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Game Preview: Friendly rivals Saquon Barkley, Miles Sanders look to one up each other


EAST RUTHERFORD, N.J. – Saquon Barkley ranks fourth in the NFL with 1,312 rushing yards. Just 76 yards behind him at No. 5 is Philadelphia's Miles Sanders with 1,236 yards.

That they are right next to each other is entirely fitting, because the two running backs are very close off the field.

Barkley and Sanders were teammates at Penn State in 2016-17. They are now rivals in the NFC East, Barkley with the Giants and Sanders with the Philadelphia Eagles. But that competition has done nothing to dampen their friendship.

"I love Miles," Barkley said this week. "I'm a big fan of his game. Obviously, we play the same position. We played with each other at Penn State. That's someone I always wanted to see have great years and have success."

Barkley and Sanders will have an opportunity to reacquaint tomorrow, when the Giants face the Eagles in Lincoln Financial Field in the regular-season finale.

Because the Giants can't move from the sixth seed in the NFC playoffs – and because he has a career-high 352 scrimmage touches - how much Barkley plays remains to be seen. Coach Brian Daboll has not revealed how much his starters will play.

The Eagles have more at stake. They need to win to lock up first place in the NFC East and a first-round bye. So, Sanders might get more work than Barkley, which would give him the chance to pass his friend in the rushing yardage rankings. Though he's ultra-competitive, Barkley could live with that.

"At the end of the day, you want everyone to be successful," he said. "It's not about money, but you would love to see one of your good friends, one of your former teammates, get paid and create a legacy. He's a heck of a back, heck of a player, I think one of the better backs in the NFL. I'm happy for him."

Although Barkley has rushed for more yards, Sanders currently holds the upper hand in their friendly rivalry. When the Eagles defeated the Giants on Dec. 11 in MetLife Stadium, Sanders rushed for 144 yards and two touchdowns on 17 carries. Barkley was held to 28 yards on nine attempts.

"He's a little happy that he outplayed me last game and got the win," Barkley said. "I started over him in college, so anytime he can get that over me…"

Barkley didn't finish the sentence, but Sanders clearly enjoyed going one up on his former teammate last month.

This has an impressive comeback season for both players. They have each played every game and posted impressive statistics after injuries forced them to miss time last season. Both players have posted their career-best rushing totals.

Barkley missed three games with a sprained ankle and finished the season with 162 carries for 593 yards (3.7-yard avg.) and two touchdowns, plus 41 receptions for 263 yards and two scores. In 16 games this year, he has 719 more rushing yards, a 4.4-yard average, 57 catches (tied for the team lead) and 10 scores. Barkley has been one of the main drivers in the Giants' improvement from four victories to 9-6-1 and a playoff berth.

In 2021, ankle and hand injuries cost Sanders four games. He recorded a career-low 754 yards and did not score a touchdown. This season, his 1,236 yards on a career-high 248 attempts has included 11 scores.

"The year before, he didn't have the best year," Barkley said. "The year prior, I didn't have the best year. And I remember we sent a text – or DM it was – saying, 'See you at the top. We're going to get back to where we want to get to because we're both talented backs.' And we've both been having a hell of a year."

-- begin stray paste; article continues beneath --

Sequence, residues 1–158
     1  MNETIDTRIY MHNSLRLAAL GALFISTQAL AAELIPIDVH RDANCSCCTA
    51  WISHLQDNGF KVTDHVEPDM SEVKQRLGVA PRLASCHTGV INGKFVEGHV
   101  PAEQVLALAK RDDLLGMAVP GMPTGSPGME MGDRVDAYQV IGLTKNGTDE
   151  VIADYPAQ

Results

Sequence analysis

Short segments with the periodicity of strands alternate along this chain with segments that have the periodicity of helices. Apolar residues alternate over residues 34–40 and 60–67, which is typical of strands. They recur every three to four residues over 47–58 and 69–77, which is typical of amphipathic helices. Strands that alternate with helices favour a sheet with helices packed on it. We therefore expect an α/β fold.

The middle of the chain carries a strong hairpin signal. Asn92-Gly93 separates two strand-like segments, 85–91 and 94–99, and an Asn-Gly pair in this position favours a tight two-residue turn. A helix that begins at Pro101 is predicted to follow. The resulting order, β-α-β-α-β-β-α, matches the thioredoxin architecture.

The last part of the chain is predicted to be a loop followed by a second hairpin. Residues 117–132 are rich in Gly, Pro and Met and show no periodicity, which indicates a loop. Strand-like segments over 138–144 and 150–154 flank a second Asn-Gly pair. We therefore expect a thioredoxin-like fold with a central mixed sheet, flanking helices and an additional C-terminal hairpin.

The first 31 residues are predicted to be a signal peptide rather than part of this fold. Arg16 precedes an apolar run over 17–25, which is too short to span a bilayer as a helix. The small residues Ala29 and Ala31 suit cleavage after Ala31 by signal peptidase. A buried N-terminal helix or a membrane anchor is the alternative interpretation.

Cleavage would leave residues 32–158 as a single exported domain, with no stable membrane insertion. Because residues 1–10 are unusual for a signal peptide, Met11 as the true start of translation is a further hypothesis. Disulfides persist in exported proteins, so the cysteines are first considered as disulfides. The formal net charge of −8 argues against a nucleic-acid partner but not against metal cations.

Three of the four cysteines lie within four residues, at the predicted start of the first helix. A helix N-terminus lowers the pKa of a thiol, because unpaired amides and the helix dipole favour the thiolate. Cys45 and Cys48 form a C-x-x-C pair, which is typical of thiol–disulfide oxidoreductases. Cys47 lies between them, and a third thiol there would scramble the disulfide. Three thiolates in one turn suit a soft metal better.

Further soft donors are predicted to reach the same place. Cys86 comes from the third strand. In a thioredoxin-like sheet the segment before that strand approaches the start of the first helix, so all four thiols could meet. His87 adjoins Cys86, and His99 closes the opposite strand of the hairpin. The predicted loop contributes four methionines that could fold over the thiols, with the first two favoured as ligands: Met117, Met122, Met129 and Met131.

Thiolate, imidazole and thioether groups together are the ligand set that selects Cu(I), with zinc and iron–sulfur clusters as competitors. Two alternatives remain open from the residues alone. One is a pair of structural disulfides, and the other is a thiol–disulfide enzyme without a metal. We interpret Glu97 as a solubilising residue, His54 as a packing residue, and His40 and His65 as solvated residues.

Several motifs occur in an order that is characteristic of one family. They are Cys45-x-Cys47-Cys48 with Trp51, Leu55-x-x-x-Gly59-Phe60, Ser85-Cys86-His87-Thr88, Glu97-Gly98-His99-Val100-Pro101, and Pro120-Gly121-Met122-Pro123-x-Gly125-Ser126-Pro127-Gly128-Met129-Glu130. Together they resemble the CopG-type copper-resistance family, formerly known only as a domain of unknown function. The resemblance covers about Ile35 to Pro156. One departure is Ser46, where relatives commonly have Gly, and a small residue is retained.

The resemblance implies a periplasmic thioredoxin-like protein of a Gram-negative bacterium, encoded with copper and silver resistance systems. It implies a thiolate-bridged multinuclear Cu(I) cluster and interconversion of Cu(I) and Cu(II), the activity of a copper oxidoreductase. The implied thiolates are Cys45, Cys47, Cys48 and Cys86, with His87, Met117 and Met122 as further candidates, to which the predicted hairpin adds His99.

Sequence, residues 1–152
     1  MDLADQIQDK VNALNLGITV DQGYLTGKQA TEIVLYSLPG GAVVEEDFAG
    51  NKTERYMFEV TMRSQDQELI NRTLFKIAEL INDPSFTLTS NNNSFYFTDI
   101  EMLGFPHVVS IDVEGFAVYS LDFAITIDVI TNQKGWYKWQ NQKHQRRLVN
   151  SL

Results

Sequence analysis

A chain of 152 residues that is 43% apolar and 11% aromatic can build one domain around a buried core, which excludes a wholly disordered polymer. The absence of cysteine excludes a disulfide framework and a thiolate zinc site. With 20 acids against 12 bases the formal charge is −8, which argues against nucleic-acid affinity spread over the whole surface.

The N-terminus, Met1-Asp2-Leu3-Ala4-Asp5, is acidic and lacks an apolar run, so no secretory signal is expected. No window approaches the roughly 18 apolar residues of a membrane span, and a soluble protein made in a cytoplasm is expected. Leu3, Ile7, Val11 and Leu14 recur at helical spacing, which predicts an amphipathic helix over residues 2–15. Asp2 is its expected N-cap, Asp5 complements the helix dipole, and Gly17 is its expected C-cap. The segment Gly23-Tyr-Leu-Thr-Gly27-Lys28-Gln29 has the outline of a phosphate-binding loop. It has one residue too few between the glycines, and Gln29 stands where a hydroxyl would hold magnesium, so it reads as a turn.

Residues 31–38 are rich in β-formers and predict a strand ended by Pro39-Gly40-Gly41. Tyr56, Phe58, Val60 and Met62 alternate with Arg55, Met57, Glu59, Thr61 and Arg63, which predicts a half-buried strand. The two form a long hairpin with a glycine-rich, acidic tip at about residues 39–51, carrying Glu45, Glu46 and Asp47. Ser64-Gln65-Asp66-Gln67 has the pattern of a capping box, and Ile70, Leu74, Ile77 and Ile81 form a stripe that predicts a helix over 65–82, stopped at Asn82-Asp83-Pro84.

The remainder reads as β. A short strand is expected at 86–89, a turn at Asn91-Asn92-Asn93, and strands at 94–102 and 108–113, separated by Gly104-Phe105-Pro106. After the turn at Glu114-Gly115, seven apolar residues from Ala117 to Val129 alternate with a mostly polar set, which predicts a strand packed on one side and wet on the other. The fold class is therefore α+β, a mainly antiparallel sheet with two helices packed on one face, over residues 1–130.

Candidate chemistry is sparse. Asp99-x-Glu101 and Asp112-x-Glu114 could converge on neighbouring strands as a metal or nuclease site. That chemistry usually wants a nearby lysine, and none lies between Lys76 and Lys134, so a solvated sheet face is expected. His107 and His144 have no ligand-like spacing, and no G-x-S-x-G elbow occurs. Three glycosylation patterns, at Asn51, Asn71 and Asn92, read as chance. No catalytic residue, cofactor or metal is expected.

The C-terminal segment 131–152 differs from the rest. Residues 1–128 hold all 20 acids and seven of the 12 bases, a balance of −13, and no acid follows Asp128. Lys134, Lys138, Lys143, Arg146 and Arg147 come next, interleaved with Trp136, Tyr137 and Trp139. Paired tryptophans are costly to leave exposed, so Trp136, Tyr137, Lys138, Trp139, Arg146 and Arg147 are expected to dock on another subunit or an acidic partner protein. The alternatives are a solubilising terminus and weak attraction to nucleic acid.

The two backs first met in 2016, when Sanders arrived at Penn State in Barkley's second season there. In the two years they were teammates, Barkley rushed for 2,229 yards and 25 touchdowns, while backup Sanders was limited to 414 yards and three scores. After Barkley left Happy Valley as the Giants' first-round draft choice in 2018, Sanders ran for 1,318 yards and nine touchdowns. Sanders was the Eagles' second-round draft choice in 2019.

"I had a year on him, so I had a little more experience," Barkley said. "We would compete in drills. We would compete in practice. And we always wanted to push each other, try to make each other better. And the goal was to try to make it to the NFL. I left first. I got there, and he came the year after me."

Barkley was asked if their running styles have more similarities or differences.

"I can see some similarities, but he's talented in his own right," Barkley said. "He's got his own game. He's got his own style. And I watch his film; I admire his game. I try to take pieces from his game and add them to mine."

Barkley has the jerseys of several opposing players hanging in his locker, but Sanders isn't among them. "It's in the crib, hanging up," Barkley said. The two friends will spend some time together on Sunday. "I always makes sure I go to him before the game or after the game, chat him up, see how he is," Barkley said. Off the field, they speak on a "here and there" basis, according to Barkley.

"I'm not really a big – anyone who knows me – 'reach out' guy," he said. "I don't really go on my phone like that, texting and stuff. I get cursed out a lot about that by my close friends and loved ones. But I reach out. I never try to bother anyone – give them their space. But I reach out, call him sometimes, check on him, see how he's doing."

This season, with postseason berths clinched and rushing totals well above 1,000 yards, both Barkley and Sanders are doing just fine.

View rare photos of the historic rivalry between the New York Giants and Philadelphia Eagles.


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